NOTE: The day after this article was broadcast on KSYC 103.9FM in Yreka, CA, the radio station received this complaint from a listener:
Morning. I do not mean to offend, but why is a man allowed to go over the air and tell your audience what is and what not a “sin”?? I’m a Christian, but am appalled that this man spoke so judgementally (sic) and hateful to such a large part of our society. Why would this man, pastor or not, be allowed to alienate so many souls? … Tomorrow’s hope depends on what we teach our children, and I strongly believe in teaching acceptance, love and looking for the good in people (much of your music selection shows the lighter side of life). I plead with you, please reach out to the other members of our society that have now been completely slammed publicly. [emphases added]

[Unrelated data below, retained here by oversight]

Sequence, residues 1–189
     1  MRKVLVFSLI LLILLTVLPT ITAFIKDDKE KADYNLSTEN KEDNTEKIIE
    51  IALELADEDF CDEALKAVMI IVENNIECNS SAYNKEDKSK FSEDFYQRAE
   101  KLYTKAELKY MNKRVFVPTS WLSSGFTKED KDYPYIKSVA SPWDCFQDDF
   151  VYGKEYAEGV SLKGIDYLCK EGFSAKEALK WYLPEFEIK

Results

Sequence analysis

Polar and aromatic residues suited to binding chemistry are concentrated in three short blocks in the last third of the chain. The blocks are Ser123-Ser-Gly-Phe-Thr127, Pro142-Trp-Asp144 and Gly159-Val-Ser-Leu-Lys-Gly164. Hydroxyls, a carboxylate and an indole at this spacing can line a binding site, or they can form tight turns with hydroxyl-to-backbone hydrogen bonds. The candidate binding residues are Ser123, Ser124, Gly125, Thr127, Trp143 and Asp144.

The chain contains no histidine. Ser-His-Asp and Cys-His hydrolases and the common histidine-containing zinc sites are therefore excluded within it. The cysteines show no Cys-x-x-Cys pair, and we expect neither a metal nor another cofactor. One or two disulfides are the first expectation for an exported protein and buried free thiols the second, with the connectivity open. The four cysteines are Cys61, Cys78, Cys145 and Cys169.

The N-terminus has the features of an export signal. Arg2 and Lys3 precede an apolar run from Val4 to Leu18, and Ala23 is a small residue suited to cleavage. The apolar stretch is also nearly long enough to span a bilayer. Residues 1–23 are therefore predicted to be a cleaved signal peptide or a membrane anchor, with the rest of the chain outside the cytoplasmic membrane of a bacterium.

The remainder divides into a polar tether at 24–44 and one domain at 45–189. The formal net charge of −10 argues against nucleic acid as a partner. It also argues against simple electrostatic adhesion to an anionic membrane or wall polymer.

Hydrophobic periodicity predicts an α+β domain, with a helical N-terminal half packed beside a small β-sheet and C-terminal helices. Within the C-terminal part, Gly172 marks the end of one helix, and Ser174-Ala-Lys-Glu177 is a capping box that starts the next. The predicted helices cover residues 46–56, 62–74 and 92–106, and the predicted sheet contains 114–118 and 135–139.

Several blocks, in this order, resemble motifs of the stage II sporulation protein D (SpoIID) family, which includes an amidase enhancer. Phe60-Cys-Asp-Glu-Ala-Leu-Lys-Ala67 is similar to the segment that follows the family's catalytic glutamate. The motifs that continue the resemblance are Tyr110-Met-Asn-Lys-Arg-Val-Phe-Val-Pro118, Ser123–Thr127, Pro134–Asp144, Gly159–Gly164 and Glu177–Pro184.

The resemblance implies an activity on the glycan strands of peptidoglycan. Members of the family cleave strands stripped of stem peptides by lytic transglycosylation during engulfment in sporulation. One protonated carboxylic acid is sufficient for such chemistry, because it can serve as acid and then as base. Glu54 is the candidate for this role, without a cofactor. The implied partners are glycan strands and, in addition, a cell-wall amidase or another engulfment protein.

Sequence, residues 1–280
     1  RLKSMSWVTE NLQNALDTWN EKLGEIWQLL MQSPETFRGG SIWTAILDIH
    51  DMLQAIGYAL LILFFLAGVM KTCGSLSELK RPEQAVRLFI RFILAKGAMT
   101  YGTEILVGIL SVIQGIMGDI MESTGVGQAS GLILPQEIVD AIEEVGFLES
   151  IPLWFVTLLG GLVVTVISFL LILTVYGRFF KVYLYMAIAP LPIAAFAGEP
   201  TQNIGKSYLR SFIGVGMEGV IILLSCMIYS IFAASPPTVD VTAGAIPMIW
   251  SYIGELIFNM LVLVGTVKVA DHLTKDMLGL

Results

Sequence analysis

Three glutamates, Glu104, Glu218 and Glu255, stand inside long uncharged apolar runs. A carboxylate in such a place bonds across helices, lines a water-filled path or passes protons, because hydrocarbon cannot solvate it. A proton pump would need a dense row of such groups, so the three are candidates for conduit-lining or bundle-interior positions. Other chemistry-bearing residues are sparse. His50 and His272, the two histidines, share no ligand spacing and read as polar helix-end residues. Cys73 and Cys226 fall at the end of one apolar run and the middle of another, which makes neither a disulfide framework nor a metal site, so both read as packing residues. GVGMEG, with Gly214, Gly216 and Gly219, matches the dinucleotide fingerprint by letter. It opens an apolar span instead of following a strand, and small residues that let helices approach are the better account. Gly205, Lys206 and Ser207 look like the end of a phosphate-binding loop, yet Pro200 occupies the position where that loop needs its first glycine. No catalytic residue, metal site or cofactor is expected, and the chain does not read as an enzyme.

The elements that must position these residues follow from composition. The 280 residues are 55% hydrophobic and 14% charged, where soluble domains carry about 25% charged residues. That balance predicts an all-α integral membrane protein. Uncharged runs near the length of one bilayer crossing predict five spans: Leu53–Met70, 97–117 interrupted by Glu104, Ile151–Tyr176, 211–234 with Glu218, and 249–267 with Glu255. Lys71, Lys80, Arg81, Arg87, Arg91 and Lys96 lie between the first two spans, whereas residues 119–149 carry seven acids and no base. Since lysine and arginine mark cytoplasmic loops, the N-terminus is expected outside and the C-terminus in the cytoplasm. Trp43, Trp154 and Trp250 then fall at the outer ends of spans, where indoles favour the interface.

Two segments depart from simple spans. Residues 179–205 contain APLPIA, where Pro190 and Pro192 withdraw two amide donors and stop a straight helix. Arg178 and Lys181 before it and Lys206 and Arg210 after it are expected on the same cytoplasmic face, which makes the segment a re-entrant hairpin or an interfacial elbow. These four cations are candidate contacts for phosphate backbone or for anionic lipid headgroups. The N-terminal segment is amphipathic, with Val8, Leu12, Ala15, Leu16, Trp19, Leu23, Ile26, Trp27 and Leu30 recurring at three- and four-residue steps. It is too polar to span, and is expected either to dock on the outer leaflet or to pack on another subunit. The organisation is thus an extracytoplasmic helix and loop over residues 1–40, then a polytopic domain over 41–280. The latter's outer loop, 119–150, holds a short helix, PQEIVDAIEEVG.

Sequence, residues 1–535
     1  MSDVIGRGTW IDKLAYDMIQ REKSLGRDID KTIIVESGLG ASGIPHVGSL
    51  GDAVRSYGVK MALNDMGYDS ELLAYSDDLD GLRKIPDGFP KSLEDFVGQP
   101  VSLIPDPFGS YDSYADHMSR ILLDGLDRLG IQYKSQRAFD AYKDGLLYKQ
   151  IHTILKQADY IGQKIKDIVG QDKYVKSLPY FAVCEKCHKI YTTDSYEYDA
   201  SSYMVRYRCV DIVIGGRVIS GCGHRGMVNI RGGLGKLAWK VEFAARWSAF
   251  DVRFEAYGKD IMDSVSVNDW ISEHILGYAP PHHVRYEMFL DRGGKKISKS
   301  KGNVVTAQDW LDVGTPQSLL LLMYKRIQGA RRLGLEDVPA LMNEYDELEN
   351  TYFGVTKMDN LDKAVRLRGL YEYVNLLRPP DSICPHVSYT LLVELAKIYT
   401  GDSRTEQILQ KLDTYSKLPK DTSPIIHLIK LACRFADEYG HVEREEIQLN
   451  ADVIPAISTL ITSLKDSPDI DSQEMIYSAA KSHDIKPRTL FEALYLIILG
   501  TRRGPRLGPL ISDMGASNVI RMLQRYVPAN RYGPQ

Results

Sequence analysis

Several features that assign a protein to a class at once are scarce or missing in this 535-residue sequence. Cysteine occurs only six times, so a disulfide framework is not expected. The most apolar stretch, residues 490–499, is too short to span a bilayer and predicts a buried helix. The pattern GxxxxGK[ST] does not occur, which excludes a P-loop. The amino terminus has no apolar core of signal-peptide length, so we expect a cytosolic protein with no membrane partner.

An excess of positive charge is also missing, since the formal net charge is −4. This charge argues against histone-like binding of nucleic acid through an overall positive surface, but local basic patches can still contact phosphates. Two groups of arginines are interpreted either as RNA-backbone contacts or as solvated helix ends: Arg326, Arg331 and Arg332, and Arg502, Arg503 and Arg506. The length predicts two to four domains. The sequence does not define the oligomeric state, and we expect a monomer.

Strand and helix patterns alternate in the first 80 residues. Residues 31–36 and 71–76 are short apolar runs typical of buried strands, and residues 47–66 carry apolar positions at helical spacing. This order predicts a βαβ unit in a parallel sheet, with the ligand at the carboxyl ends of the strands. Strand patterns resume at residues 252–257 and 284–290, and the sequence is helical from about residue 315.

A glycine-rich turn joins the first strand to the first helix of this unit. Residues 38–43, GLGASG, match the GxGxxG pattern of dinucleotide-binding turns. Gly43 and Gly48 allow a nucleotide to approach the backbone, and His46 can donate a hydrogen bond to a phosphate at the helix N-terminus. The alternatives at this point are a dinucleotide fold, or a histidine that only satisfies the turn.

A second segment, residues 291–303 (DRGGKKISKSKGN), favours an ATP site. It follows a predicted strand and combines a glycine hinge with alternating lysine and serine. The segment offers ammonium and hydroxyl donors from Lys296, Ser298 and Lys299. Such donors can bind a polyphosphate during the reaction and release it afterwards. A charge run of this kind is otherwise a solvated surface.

Condemning words, actions and thoughts that the Bible calls sin is now hate speech.
November 6, 2016 (KSYC 103.9FM Broadcast) * Download this article (PDF)
Welcome to another edition of Sunday Focus on the Bible. My name is Nollie Malabuyo, Pastor of Big Springs Community Church.
This year’s presidential election has turned off many evangelical Christians because of the quality, or the lack thereof, of the two candidates. But because all men are sinners, the Bible is full of examples of choices between the “lesser of evils.” All of the men and women in the Bible whom God chose to lead his people, such as Noah, Abraham, Moses, the judges, kings such as David, and the prophets and the 12 apostles were all flawed sinners. Yet God used them to accomplish his purposes for his people.
Therefore, all elections are basically a choice between the “lesser of evils.” There are no perfect politicians, whether Reagan, McCain, Bush, Gingrich, or many others. Reagan, a womanizer in his Hollywood days, was elected over an evangelical Carter. We are all sinners, so the flawed candidates in any election are no excuse for staying at home.